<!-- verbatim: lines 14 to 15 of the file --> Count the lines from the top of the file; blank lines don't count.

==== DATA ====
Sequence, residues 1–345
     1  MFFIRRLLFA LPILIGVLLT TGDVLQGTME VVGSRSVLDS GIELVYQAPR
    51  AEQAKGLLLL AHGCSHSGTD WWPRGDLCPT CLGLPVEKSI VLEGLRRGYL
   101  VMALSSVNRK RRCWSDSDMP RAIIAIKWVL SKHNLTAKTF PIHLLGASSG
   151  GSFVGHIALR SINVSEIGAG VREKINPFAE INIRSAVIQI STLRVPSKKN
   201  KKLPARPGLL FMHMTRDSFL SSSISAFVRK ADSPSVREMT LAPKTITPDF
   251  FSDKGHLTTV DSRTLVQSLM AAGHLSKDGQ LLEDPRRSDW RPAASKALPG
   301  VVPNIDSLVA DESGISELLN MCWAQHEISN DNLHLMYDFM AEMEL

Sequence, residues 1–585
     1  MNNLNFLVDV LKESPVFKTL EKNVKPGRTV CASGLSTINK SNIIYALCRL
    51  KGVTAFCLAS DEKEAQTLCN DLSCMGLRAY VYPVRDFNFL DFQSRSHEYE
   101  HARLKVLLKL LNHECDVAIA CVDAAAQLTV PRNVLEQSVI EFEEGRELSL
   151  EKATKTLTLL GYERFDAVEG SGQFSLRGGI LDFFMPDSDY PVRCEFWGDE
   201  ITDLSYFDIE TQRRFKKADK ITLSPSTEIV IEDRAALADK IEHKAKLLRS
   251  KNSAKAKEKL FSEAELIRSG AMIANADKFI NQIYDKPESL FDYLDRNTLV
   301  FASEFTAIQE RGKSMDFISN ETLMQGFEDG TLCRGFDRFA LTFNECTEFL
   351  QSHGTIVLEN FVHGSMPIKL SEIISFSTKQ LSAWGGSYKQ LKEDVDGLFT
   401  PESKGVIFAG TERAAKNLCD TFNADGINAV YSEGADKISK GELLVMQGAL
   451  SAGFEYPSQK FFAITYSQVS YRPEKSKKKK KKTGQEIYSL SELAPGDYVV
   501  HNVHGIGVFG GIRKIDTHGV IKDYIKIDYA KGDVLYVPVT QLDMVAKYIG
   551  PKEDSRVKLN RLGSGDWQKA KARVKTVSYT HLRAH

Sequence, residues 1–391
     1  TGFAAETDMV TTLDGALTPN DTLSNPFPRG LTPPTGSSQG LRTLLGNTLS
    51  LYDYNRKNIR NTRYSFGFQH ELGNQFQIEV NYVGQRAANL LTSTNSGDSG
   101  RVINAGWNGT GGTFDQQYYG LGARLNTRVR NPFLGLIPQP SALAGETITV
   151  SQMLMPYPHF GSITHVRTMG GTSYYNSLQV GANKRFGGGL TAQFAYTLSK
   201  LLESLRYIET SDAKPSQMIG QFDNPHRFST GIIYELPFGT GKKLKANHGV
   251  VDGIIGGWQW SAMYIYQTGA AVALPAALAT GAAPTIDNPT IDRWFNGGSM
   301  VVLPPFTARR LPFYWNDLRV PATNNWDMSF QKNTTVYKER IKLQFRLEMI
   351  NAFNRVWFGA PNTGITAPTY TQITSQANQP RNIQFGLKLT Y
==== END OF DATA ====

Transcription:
   201  ITDLSYFDIE TQRRFKKADK ITLSPSTEIV IEDRAALADK IEHKAKLLRS
   251  KNSAKAKEKL FSEAELIRSG AMIANADKFI NQIYDKPESL FDYLDRNTLV